– Your daughter “hijacked” her friend’s phone and posted a video tagging a girl in their grade (that they make fun of) as her “bestie.”
– Your husband was talking about his bad day at work in the background of your daughter’s Instagram Live video.
– Your daughters are constantly calling each other b***s, whores and sluts. I understand that this is today’s music and it’s (usually) said in a playful way, I worry how desensitized these kids are getting to this type of language.
After this week-long experiment, it’s clear to me that as a whole, parents are not talking to their kids about what they are posting or why they are posting it. If you take anything at all away from this article, please sit your kids down, of all ages, and discuss their use of social media. Go over their posts with them, show them what could get them in trouble with a college recruiter down the road or send their best friend to bed crying. Ask them how many accounts they have on these apps. You will be surprised to learn that many of your kids have multiple handles, some with horrifying names. Spend a week, even a day, observing your child’s TikTok account. Until then, trust me, these apps are hurting our children, in one way or another.
Talk to your kids about the consequences of inappropriate posts.
From the second we signed up, my kids knew that if they couldn’t show it to their teacher, coach or grandparent, they probably shouldn’t post it. If they wouldn’t want their future employer or future in laws to see it, it’s probably not a good idea to share it. It was a mantra. For their first few months, my kids would ask me permission before they posted something. They understand that these videos can be shared and downloaded and there is no telling who will see it — now, when applying for college, or beyond. They also understand that there are some really bad people with the wrong intentions out there and it makes them unsafe to allow people they don’t know to follow them. Do your children understand that?
Talk to your kids about why they are posting.
Sit down with your child, elementary age, tween or teenager. Ask your children their intentions behind their posts. It may take some digging. You may learn some of what I learned while following your kids this week:
As kids get older, it’s important we acknowledge that not all behavior is innocent and naive. So, while I believe all kids need to learn from an early age that they can’t be included in every plan, they also need to learn that not every dinner, play date, sleepover or outfit change needs to be posted for all of their 700 followers to see. While some may post innocently, there are those kids who want other children to feel excluded. They thrive on it. They feel validated by announcing to their followers that they are part of a “bestie squad.” Those kids are smart enough to know who is missing from their plans and then all post the same videos, tagging each other. It makes them feel good to know that other girls are at home feeling envious, left out and wanting to be a part of the fun, cool group.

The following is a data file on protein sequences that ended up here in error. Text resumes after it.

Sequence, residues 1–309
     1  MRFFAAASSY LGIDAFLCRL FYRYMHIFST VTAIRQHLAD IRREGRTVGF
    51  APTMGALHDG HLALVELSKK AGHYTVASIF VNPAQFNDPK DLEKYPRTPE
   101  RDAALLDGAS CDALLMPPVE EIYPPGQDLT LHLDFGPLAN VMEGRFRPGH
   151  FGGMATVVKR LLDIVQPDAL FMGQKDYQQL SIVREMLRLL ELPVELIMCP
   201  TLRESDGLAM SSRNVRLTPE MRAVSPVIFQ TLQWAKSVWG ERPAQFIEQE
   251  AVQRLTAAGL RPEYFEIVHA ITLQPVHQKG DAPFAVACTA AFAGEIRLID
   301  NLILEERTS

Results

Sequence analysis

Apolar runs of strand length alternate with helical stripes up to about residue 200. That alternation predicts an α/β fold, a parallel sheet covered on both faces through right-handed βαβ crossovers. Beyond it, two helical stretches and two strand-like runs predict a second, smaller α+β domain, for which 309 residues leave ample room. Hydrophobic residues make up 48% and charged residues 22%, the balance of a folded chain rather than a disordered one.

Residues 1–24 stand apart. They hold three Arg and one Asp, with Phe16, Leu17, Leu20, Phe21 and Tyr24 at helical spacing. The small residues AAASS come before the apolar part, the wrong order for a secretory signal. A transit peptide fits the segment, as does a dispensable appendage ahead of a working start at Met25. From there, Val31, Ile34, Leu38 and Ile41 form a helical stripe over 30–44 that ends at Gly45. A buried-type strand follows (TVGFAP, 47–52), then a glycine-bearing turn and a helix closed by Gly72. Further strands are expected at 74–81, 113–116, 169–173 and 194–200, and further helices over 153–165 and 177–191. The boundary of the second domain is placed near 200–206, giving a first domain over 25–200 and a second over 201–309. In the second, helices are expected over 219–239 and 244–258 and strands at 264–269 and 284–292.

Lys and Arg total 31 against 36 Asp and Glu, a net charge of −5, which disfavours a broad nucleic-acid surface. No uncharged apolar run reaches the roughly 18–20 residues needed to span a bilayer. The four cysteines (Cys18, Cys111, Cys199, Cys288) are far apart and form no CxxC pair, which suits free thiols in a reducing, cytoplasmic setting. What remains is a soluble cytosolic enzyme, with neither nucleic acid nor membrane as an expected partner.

Own it, if this may be your kid. It doesn’t make you a bad parent, or them a bad kid. They are all finding their way. Talk to your child. Encourage inclusivity. Help them understand why their constant group posting could hurt other children. Perhaps saving the video versus sharing it publicly could save another child a night in tears.
It’s horrifying to see how many followers some of your kids have, and how many of your kids’ settings are public. Your child should not be following — and more importantly, be followed — by people they don’t know. Anyone can make a TikTok account: a principal, a creepy pedophile, or a college recruiter. The majority of the teen accounts I’ve come across are public. These kids are seeking validation through likes, comments, and followers. The more followers they have, the more likes their videos get, the cooler and more accepted they feel. How is any parent okay with this message? And how is any parent okay with a potential pedophile watching your children in these videos?!
Your children do really stupid things for likes. (Read examples above.)
Talk to your kids about what is appropriate and inappropriate to post.
If you’d like to practice what I preach, below is our mantra — the guidelines my children use when deciding if something is “post-worthy”:
How would I feel if my teacher, parent, or grandmother saw this? Would I want my future employer, in laws or children to see this post one day?
Will I be embarrassed about this tomorrow?
Am I being safe, by not revealing where I am (when I’m there)?
Will any of my peers feel embarrassed, ashamed, hurt, or bullied by this post?
Will anybody truly feel left out by this post? I say “truly,” because as mentioned above, I understand that everyone cannot always be included. Sometimes it’s more obvious or intentional than others.
Will someone find my post racist, homophobic, sexist, or body shaming?
Am I demeaning myself or my friends by posting this video?
When I started this little project, I was concerned about my own kids. As I complete this phase, I’m terribly concerned for their entire generation. I don’t know the answer, but I do know social media is here to stay, whether it be Music.ly, TikTok, or the next abomination (which seems to be Snapchat Private Stories). Scrolling through TikTok is like watching your kids walk into oncoming traffic. I hate every second of it.
Please talk to your kids and make it stop.